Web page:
As a consultant psychologist, I am stunned to see the Holy Father Pope Francis asking for God’s forgiveness for the atrocities that the Catholic Church has carried out through countless decades.
Forgiveness comes, so religious scripture tells us, from repentance. Repentance is about making good the harm that has been done. More important repentance means ensuring this harm never ever happens again.
It is hard to see how any making good has occurred or, moreover, how that harm will never happen again. Harm still continues. Our clients’ anguished stories tell it all – the abuse still goes on.
As a young teenager, I can clearly remember visiting the Magdalene Laundry in Waterford with my long-deceased mother, a devout but good and honest Catholic. We were, for some reason, taking laundry to be washed after an elderly relative had died. I knew nothing at the time about the infamous Magdalene Laundries, nor of the trauma the nuns had inflicted on women of all ages. However, I was struck by the austere, gut-wrenching oppressiveness of the place; the omnipresent nastiness of the building. Words failed me then and words, they fail me now.
A few years later, in 1979, I was a young married mother having her first child in Ireland. The young woman in the next bed was also 19 but unmarried. I witnessed the nuns come into the ward and try to persuade her forcefully to give up her son. She was told she couldn’t give him a good life without a husband. I spent the night consoling her and telling her to go home to England and seek out her family and not to give up her son.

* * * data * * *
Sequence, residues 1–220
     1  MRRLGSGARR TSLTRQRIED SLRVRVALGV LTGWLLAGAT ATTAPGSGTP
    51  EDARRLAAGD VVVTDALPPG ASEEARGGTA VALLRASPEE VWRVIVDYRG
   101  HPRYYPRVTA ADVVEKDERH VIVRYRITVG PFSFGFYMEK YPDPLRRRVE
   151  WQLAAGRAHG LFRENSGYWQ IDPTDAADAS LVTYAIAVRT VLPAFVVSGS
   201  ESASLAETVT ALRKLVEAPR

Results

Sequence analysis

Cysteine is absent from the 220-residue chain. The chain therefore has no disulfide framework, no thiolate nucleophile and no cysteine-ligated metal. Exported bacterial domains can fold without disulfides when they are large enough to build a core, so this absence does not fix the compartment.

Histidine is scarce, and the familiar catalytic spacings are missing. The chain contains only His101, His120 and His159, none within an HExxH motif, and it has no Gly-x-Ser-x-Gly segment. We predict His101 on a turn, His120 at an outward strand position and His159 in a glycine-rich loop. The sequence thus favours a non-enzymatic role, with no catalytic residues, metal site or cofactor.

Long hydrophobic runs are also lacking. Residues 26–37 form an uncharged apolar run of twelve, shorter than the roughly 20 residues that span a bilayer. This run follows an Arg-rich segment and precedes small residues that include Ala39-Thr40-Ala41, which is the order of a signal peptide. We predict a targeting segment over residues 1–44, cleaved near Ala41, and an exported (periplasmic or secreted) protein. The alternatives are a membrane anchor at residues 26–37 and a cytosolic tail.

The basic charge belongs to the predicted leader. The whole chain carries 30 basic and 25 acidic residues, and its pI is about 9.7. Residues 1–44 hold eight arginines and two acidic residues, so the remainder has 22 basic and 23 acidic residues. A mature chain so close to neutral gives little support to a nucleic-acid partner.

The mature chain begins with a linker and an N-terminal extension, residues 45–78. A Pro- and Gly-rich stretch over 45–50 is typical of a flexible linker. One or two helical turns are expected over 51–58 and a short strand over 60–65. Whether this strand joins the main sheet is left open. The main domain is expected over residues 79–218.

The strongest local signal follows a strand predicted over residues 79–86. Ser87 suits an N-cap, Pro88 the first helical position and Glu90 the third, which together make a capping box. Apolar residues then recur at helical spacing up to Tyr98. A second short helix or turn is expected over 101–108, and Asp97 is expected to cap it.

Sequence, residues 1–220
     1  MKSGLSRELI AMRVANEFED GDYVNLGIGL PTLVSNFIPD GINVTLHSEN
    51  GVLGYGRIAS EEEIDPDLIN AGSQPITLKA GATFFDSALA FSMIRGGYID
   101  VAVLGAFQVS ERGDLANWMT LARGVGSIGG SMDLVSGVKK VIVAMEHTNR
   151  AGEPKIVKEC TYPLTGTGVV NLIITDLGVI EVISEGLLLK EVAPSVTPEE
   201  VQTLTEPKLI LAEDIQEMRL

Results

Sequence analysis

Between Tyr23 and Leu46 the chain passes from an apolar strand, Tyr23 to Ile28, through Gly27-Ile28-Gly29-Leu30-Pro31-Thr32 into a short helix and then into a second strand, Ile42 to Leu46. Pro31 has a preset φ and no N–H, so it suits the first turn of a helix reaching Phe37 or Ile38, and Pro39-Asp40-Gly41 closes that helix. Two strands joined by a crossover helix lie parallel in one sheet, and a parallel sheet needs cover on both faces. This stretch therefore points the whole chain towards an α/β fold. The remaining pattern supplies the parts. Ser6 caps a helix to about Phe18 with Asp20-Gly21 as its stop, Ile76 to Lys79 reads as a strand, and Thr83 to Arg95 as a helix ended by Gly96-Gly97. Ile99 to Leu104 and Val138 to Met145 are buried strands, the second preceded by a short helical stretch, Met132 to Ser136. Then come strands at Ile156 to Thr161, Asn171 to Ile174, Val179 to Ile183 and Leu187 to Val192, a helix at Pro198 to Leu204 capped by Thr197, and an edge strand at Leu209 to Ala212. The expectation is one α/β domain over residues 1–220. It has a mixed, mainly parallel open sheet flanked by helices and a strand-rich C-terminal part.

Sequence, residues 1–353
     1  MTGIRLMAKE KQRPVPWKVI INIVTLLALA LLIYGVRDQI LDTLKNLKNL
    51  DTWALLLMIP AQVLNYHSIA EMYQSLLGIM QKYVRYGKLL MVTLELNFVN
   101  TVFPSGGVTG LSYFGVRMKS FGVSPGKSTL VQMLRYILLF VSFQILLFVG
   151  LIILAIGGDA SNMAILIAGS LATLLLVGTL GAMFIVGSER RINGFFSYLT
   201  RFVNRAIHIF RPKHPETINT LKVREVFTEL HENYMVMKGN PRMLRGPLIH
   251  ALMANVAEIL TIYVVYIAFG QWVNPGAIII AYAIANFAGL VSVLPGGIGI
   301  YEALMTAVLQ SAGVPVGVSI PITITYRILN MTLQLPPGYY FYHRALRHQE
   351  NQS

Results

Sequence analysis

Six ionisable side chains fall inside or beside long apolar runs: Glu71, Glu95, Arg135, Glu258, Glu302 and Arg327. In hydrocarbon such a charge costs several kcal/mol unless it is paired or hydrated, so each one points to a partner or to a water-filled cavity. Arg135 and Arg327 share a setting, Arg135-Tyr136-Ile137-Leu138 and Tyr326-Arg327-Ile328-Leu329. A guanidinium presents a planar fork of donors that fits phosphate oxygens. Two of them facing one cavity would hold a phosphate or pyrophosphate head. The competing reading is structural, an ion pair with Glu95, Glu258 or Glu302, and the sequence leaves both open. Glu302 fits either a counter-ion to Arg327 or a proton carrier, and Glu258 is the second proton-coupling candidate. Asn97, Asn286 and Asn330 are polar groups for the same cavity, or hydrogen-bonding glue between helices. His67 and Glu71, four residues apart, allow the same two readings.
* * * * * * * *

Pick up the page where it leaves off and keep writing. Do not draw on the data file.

Fast forward 40 years and now, more recently, we have the scandal at Tuam and the ritual silencing of it.
Breaking the Cycle of Clerical Abuse
Surely it’s not sufficient for His Holiness to pray for God’s forgiveness; dedicated reparative action is needed. Abuse and brutality have to be rooted out and eradicated once and for all.
When we consider the cycle of change, it is accepted that lasting change only occurs when we fully acknowledge and contemplate our past wrongful behaviours. It is impossible to move towards change without this. Praying for forgiveness without contemplative action can’t lead to new ways and change. It is merely pre-contemplation or a flight of fantasy.
It is time to for the church to compensate these victims and their families. It is clear to say that the abuse carried out by priests and nuns doesn’t stop with or die with the victim. Clerical abuse continues to be an awful blight on the church and has in many cases caused a trans-generational pattern of misery. Its time for the church to acknowledge this and then, perhaps, it can move forward.
Written by Dr Chrissie Tizzard, Chartered Consultant Psychologist, PsychD, BSc, MSc, C.Psychol, C.Sci, AFBPS. Dr Tizzard is the Clinical Director of Christine Tizzard Psychology (ctpsy.co.uk).